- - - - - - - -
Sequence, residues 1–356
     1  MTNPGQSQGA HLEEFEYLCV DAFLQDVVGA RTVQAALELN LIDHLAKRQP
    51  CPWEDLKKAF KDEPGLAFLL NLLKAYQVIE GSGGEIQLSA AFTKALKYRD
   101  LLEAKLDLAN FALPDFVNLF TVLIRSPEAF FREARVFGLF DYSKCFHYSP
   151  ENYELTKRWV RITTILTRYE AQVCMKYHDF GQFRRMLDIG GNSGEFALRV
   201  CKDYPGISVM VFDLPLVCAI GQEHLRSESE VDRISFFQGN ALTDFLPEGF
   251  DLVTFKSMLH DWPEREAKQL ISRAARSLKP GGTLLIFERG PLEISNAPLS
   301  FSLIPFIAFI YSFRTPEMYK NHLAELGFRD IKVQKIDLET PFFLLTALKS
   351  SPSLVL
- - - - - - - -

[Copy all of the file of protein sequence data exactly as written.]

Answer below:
Sequence, residues 1–356
     1  MTNPGQSQGA HLEEFEYLCV DAFLQDVVGA RTVQAALELN LIDHLAKRQP
    51  CPWEDLKKAF KDEPGLAFLL NLLKAYQVIE GSGGEIQLSA AFTKALKYRD
   101  LLEAKLDLAN FALPDFVNLF TVLIRSPEAF FREARVFGLF DYSKCFHYSP
   151  ENYELTKRWV RITTILTRYE AQVCMKYHDF GQFRRMLDIG GNSGEFALRV
   201  CKDYPGISVM VFDLPLVCAI GQEHLRSESE VDRISFFQGN ALTDFLPEGF
   251  DLVTFKSMLH DWPEREAKQL ISRAARSLKP GGTLLIFERG PLEISNAPLS
   301  FSLIPFIAFI YSFRTPEMYK NHLAELGFRD IKVQKIDLET PFFLLTALKS
   351  SPSLVL